Published at Gisele’s Blog

Gentle Birth March

Published Agust 3rd Publicado no dia 3 de agosto no Blog da Gisele , escrito por Mayra Calvette


Gentle Birth: This is the way!

Birth is often seen as a complex medical procedure, in which woman and baby are often subject to routines and procedures imposed by the hospital, which are often unnecessary and harmful.

Fortunately, more and more women are realizing about the “Obstetric Matrix ” that they are inserted into and they are doing informed choices. These choices often are not the common pattern of the society, but which are best for this woman, baby and family. Many choose for a home birth, to be cared by doulas, midwives and obstetric nurses. And unlike what most people think, those are choices that are in accordance with the current scientific research.

In July Regional Council of Medicine of Rio de Janeiro (CREMERJ) published the resolutions nº 265/2012 and 266/2012 which prohibits the involvement of obstetricians in home births and the presence of doulas and midwives in hospital births. These resolutions disregard the most current scientific evidence, the recommendations of WHO and the Ministry of Health. Furthermore, these resolutions do not respect the right of freedom of choice of women, families and from the professionals themselves.

The recommendation of the systematic review of the Cochrane Library (which includes the most current scientific research in health) is that should be offered a model of care promoted by midwives to most women and they should be encouraged to claim this option. In the evaluation of the Cochrane systematic review was concluded that hospitals should implement continuous support intrapartum, integrating doulas in maternity services, since the best maternal and neonatal outcomes are obtained when the continuous intrapartum support is offered by doulas.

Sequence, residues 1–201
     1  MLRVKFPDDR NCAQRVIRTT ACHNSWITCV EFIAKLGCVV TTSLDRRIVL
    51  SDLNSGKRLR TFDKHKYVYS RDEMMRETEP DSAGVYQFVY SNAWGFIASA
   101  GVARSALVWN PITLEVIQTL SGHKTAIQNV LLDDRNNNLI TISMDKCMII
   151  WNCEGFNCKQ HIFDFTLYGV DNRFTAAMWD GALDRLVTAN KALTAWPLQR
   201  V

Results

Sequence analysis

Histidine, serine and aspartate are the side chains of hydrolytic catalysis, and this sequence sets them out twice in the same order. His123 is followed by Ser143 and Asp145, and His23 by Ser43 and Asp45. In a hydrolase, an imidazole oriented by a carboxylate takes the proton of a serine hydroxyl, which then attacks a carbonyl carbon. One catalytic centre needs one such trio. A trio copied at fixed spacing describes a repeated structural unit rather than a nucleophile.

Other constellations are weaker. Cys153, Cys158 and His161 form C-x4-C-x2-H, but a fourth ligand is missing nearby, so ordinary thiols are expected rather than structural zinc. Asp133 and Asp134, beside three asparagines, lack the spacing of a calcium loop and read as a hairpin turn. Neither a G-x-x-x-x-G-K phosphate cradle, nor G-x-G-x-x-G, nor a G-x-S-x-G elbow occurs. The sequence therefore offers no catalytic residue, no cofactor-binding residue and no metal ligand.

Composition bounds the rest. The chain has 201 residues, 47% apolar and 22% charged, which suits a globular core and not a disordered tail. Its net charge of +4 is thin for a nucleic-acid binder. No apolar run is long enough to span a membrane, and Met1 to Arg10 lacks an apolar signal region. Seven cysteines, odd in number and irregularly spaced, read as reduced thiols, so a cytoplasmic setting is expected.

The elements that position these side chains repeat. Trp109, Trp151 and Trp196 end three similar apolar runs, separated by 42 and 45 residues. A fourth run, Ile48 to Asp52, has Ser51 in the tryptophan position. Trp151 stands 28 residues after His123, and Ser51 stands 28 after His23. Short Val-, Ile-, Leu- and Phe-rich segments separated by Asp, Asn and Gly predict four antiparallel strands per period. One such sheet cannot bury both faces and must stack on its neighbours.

I traveled through several countries, meeting different cultures and birth models that work. I realized that the most socially developed countries tend to offer a humane and woman-centered care. Pregnant women have the right to choose their companions during childbirth, are encouraged to have a doula and a birth plan; have the same room for labour, birth and post partum; are part of the of the decision process making and can deny any procedure with her and her baby; have freedom of movement and can choose the position they want have their babies.

The care during labor and birth for low-risk pregnancies is based on obstetrics nurse and midwife and they have the work in a cooperation model of care with obstetricians. Some of these countries I visited, where they are the major care during low risk pregnancy, childbirth and postpartum are: England, Germany, Holland, Austria, Sweden and New Zealand. And all of these countries have excellent rates of maternal and neonatal mortality and cesarean rates much lower than Brazil (2008 data): 24%, 27.8%, 14%, 27%, 17%, 20%, respectively. While in Brazil the rates are 52% of c-sections, 82% in the private sector, the highest rates of c-sections in the world and 25% of women experience violence in obstetric hospitals!

Fortunately the CREMERJ resolutions were suspended on July 30 until the final decision. On Sunday, August 05 will happen a March for the Humanization of Childbirth in some Brazilian cities, including Rio de Janeiro. I invite everyone to participate, I’ll be there at Ipanema beach, at 2 pm!
Let’s move forward Brazil!